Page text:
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Policing diversity : determinants of white, Black, and Hispanic attitudes toward police

Autor: Yung-Lien Lai
Editora: El Paso : LFB Scholarly Publishing LLC, 2013.
Séries: Criminal justice (LFB Scholarly Publishing LLC)
Edição/Formato   e-book : Documento : InglêsVer todas as edições e formatos
Base de Dados:WorldCat
Resumo:
"Lai extends the current knowledge of public attitudes toward the police (ATP) by examining two distinct dimensions: general and specific attitudes. The significant findings indicated that African Americans consistently reported unfavorable ATP across two dimensions, but the Hispanics did not have any significant influence. While ratings of police work were highly related to public ATP, victimization and violent  Ler mais...
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Detalhes

Gênero/Forma: Electronic books
Formato Físico Adicional: Print version:
Lai, Yung-Lien, 1972-
Policing diversity.
El Paso : LFB Scholarly Pub. LLC, 2013
(DLC) 2013000050
(OCoLC)823045454
Tipo de Material: Documento, Recurso Internet
Tipo de Documento: Recurso Internet, Arquivo de Computador
Todos os Autores / Contribuintes: Yung-Lien Lai
ISBN: 9781593327071 1593327072
Número OCLC: 839389181
Descrição: 1 online resource (173 pages) : illustrations.
Conteúdos: Public attitudes toward the police in a democratic society --
A historical review of research on public ATP --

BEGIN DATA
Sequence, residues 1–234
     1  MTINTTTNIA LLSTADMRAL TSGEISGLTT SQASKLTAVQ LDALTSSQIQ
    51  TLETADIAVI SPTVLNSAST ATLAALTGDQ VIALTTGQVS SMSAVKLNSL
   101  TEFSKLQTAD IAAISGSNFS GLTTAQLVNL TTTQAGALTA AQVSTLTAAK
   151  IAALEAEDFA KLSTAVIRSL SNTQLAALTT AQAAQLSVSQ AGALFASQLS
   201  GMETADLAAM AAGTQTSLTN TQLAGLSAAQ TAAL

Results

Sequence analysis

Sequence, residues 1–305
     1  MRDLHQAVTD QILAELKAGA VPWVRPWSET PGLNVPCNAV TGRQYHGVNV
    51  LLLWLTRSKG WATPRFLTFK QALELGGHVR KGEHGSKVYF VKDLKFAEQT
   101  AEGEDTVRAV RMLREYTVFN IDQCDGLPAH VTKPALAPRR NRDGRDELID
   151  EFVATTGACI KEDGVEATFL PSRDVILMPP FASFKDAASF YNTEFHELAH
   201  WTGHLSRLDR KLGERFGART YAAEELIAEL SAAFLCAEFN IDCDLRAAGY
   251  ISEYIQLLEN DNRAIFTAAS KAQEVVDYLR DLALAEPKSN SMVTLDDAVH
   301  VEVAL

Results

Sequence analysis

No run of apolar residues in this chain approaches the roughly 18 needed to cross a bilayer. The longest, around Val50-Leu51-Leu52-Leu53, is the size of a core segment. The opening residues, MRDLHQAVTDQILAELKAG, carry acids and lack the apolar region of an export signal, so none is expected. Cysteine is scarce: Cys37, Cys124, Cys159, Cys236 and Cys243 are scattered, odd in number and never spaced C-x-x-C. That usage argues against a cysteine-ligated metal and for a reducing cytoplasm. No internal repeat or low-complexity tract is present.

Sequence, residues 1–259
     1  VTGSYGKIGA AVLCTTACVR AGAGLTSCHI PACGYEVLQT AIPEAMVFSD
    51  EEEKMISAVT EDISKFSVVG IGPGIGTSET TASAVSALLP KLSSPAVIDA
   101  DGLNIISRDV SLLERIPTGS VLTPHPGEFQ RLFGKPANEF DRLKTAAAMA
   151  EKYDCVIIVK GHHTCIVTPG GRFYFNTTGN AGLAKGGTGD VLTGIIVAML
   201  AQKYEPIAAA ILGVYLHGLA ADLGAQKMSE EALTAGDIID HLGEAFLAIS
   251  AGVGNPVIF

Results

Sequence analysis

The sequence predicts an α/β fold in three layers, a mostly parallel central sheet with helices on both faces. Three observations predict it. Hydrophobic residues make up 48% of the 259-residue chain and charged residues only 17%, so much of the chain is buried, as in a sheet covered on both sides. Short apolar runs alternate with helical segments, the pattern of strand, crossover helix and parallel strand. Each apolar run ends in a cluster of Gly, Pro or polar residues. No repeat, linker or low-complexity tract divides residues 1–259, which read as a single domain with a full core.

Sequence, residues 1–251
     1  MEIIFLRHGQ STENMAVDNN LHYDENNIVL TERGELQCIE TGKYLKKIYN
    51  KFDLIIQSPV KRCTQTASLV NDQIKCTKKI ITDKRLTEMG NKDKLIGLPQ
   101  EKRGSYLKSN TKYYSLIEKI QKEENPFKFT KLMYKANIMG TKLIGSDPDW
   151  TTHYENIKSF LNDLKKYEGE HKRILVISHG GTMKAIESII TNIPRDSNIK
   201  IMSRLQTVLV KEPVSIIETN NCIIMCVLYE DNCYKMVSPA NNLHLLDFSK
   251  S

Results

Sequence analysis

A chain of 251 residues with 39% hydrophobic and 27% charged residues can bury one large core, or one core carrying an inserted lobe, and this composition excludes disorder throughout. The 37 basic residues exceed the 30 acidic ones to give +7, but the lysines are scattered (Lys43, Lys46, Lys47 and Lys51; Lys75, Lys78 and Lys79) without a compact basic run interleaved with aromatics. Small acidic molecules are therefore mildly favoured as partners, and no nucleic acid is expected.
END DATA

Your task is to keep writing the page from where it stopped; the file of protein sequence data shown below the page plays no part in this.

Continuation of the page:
A review of measure on public ATP --
Theoretical models of research on public ATP --
Methodology --
Determinants of public ATP across races/ethnics --
Discussion and conclusion.
Título da Série: Criminal justice (LFB Scholarly Publishing LLC)
Responsabilidade: Yung-Lien Lai.

Resumo:

"Lai extends the current knowledge of public attitudes toward the police (ATP) by examining two distinct dimensions: general and specific attitudes. The significant findings indicated that African Americans consistently reported unfavorable ATP across two dimensions, but the Hispanics did not have any significant influence. While ratings of police work were highly related to public ATP, victimization and violent crime incidents decreased the levels of public rating among all respondents. Meanwhile, coproduction increased the levels of public ATP. Finally, both citizen-initiated and police-initiated interactions had significant influence on public ATP but varied among racial/ethnical groups. Policy implications and limitations were addressed"--Provided by publisher.

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